Don't Worry Darling review: "Another directorial success for Olivia Wilde"

Harry Styles and Florence Pugh in Don't Worry Darling
(Image: © Warner Bros.)

GamesRadar+ Verdict

Controversies aside, a handsome, easily digested, thematically relevant conversation-starter that marks another success for Wilde as director.

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"Chaos," shudders Chris Pine’s Frank, the charming-slash-menacing leader of the community at the heart of Olivia Wilde’s psychological thriller. "A nasty word." It’s certainly a word that could be used to describe the pre-release headlines, discourse and tea-spilling surrounding Don’t Worry Darling’s casting changes, on-set relationships, and competing publicity narratives.

A distraction from, or overshadowing of, a film that aims to unpack relevant conversations around gender politics, female allyship, and gaslighting? Or a buzz generator that might push more people into cinemas to see it out of rubbernecking curiosity? Either way, the themes of Don't Worry Darling are as pertinent to the chatter surrounding its creation as they are to current events and the recent erasure of female body autonomy.

Diving straight into a cold open at a raucous cocktail party, it centers on ’50s housewife Alice (Florence Pugh), whose personal wonderland is the new-build utopian desert town of Victory. There, every morning, all the husbands tootle off to work at a shadowy corporation that ‘develops progressive materials’ under a blanket of secrecy while the women shop, clean, cook, and gossip. 

Alice’s marriage to suave Jack (Harry Styles) appears idyllic, ripped straight from the pages of an aspirational magazine. He watches her with adoring eyes at company shindigs. They have the sort of urgent, hot sex that destroys crockery. And she takes as much pleasure from her domestic routine as she does from his ministrations. Even her fun-loving next-door neighbor and friend, Bunny (Wilde), marvels at her perfect life.

So why question the status quo when another wife, Margaret (KiKi Layne) makes a scene at a garden party and warns, "We shouldn’t be here"? Or when CEO Frank and his imperious wife (Gemma Chan) exude cult-leader vibes with their self-aggrandizing speeches? Or when confusing images flash into Alice’s consciousness and she begins to experience suffocating visions? As all the men in town will tell her, any dissociative feelings are merely hysteria, tiredness, illness or a case of being "over-served" with alcohol…

Slapped with promotional hashtag #DontSpoilIDarling, Wilde’s film successfully builds a delicate house of cards around her protagonist that, once tumbled, will likely provide viewers with plenty to debate about emasculation, patriarchal society, and emancipation come the end credits. Spoilery details won’t be revealed here; suffice to say that breadcrumbed clues are deftly trailed all the way to the third-act rug-pull. Wilde makes suggestive use of dissonant sound design, repeated ocular imagery, dreamy lens flares, and some period details that are slightly… off.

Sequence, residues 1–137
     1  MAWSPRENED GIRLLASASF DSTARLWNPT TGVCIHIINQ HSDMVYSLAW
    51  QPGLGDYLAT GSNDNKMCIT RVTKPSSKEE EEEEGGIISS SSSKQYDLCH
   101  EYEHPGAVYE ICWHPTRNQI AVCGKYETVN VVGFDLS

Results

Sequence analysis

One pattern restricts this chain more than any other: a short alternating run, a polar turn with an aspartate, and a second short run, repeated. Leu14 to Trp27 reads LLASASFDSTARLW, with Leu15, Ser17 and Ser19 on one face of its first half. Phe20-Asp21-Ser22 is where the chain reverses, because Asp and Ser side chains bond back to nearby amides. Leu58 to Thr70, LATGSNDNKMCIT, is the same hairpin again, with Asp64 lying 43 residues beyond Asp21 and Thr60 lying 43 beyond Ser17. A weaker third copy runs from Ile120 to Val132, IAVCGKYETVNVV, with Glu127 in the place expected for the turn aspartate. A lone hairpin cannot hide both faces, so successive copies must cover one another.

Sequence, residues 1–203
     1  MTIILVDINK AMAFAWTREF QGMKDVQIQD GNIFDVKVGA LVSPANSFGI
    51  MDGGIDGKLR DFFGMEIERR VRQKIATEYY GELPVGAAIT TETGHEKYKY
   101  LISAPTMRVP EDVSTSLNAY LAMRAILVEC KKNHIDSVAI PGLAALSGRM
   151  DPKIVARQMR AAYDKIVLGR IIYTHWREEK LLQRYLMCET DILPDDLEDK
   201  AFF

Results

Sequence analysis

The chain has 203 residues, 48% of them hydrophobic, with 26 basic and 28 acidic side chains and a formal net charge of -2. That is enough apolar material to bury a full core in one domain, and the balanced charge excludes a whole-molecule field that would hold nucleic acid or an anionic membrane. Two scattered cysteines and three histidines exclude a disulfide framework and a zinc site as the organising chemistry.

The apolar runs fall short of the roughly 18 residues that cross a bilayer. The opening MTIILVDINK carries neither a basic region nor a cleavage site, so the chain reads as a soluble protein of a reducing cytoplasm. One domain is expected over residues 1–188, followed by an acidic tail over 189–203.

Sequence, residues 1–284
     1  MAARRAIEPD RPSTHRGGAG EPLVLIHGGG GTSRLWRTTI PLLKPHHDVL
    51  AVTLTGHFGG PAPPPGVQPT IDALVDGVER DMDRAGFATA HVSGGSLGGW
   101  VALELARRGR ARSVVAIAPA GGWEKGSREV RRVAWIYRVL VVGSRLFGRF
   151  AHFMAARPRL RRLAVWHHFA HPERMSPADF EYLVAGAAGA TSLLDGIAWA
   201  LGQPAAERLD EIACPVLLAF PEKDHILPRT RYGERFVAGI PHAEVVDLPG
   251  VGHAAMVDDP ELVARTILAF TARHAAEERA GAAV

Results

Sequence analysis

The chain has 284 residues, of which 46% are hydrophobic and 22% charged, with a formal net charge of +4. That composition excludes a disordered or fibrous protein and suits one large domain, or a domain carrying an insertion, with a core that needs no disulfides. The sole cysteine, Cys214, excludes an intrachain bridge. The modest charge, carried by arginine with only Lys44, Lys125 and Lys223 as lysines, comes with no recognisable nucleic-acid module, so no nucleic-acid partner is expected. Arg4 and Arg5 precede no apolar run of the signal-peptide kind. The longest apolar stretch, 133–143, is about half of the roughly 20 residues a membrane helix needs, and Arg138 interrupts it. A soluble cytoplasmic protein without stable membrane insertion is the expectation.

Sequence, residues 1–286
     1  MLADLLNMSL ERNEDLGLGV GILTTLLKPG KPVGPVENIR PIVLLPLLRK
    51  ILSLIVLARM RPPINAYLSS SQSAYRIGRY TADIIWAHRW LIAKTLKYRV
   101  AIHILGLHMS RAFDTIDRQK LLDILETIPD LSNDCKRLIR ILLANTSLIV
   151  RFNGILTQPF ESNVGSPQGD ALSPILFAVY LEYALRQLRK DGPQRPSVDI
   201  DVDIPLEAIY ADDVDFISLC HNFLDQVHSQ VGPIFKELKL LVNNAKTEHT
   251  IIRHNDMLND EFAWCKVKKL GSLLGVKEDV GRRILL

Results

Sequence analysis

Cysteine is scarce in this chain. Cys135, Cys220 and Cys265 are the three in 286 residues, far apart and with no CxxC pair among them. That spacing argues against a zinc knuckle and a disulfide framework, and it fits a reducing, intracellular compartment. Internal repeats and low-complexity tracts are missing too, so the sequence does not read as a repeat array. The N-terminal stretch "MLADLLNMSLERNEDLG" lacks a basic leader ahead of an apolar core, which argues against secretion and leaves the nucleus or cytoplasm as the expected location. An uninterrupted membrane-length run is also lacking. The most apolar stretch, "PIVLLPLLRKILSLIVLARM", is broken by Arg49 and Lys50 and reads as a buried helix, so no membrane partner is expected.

Meanwhile, the efficient script constantly asks viewers to sense check the views of Victory’s inhabitants as they rationalize the era’s gender divide. "There is beauty in control," Chan’s ballet-teaching ice queen tells the women as she drills them in pliés. And then there’s Frank’s radio hour, broadcast to all homes during wifely chores, where he insists, "You are worthy of the life you deserve." Another tricky word: is "deserve" something to be read as reward or punishment?

Pugh – in every scene – essays another accomplished, full-bodied performance, bringing viewers along with her on a journey from flirtatious to fearful. She’s required to disintegrate then galvanize – a trick that does at times evoke the emotional trajectory she nailed in Midsommar. Styles is suitably charming if blank as Jack, his real-life heartthrob status-enhancing his character’s dreamboat qualities rather than detracting from them.

Pine seems to have the most fun, though, as a silver-tongued guru whose compliments and advice are delivered as smiling threats. A scene where he and Pugh face off over a dining table crackles with electricity. Later, a party in which he forces Styles to dance like a marionette genuinely disquiets.

Though Don’t Worry Darling is crisply shot and scored (with Kubrickian leanings), its tension and dramatic impact depend, inescapably, on an audience’s own dissociation – from previous sci-fi and horror cinema. While Wilde’s thriller feels zeitgeist-y due to its release landing amid a reversal of women’s rights, anyone with a passing knowledge of Nolan, the Wachowskis, Argento, Peele or Bryan Forbes might unpick the mystery at the core of Victory a few steps ahead of Alice.

Still, it’s a big career swing for Wilde, following 2019’s teen-com Booksmart with something so thematically and stylistically different – and ambitious. And like her debut, Don’t Worry Darling showcases a director with an assured hand and a commercial eye. As glossy as any of the surfaces that Alice polishes so diligently each day, it’s a feminist film that asks viewers to evaluate their own social complicity in oppression, while not skimping on really great costumes, gorgeous cars or horny sex scenes.

don't Worry Darling is out on September 23, 2022. For more, check out our list of the most exciting upcoming movies heading your way soon.

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Editor-in-Chief, Total Film

Jane Crowther is the Editor of Total Film magazine and the Editor-in-Chief of the Film Group here at Future Plc, which covers Total Film, SFX, and numerous TV and women's interest brands. Jane is also the vice-chair of The Critics' Circle and a BAFTA member. You'll find Jane on GamesRadar+ exploring the biggest movies in the world and living up to her reputation as one of the most authoritative voices on film in the industry.